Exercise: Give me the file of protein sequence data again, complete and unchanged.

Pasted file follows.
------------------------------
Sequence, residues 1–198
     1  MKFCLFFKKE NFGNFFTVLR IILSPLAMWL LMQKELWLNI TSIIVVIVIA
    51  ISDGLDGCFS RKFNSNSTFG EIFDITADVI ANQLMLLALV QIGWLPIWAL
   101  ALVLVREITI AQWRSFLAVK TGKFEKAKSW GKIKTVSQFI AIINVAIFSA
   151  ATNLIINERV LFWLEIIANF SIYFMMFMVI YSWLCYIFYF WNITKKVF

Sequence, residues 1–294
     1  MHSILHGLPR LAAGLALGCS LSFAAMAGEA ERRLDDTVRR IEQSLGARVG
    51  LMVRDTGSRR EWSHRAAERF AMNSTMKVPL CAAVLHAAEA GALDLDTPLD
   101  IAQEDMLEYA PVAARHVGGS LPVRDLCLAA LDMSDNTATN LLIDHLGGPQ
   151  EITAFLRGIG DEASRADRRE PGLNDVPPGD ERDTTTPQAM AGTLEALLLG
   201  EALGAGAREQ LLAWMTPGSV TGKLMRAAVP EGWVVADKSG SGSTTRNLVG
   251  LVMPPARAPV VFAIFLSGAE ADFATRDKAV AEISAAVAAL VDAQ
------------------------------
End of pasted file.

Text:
Sequence, residues 1–198
     1  MKFCLFFKKE NFGNFFTVLR IILSPLAMWL LMQKELWLNI TSIIVVIVIA
    51  ISDGLDGCFS RKFNSNSTFG EIFDITADVI ANQLMLLALV QIGWLPIWAL
   101  ALVLVREITI AQWRSFLAVK TGKFEKAKSW GKIKTVSQFI AIINVAIFSA
   151  ATNLIINERV LFWLEIIANF SIYFMMFMVI YSWLCYIFYF WNITKKVF

Sequence, residues 1–294
     1  MHSILHGLPR LAAGLALGCS LSFAAMAGEA ERRLDDTVRR IEQSLGARVG
    51  LMVRDTGSRR EWSHRAAERF AMNSTMKVPL CAAVLHAAEA GALDLDTPLD
   101  IAQEDMLEYA PVAARHVGGS LPVRDLCLAA LDMSDNTATN LLIDHLGGPQ
   151  EITAFLRGIG DEASRADRRE PGLNDVPPGD ERDTTTPQAM AGTLEALLLG
   201  EALGAGAREQ LLAWMTPGSV TGKLMRAAVP EGWVVADKSG SGSTTRNLVG
   251  LVMPPARAPV VFAIFLSGAE ADFATRDKAV AEISAAVAAL VDAQ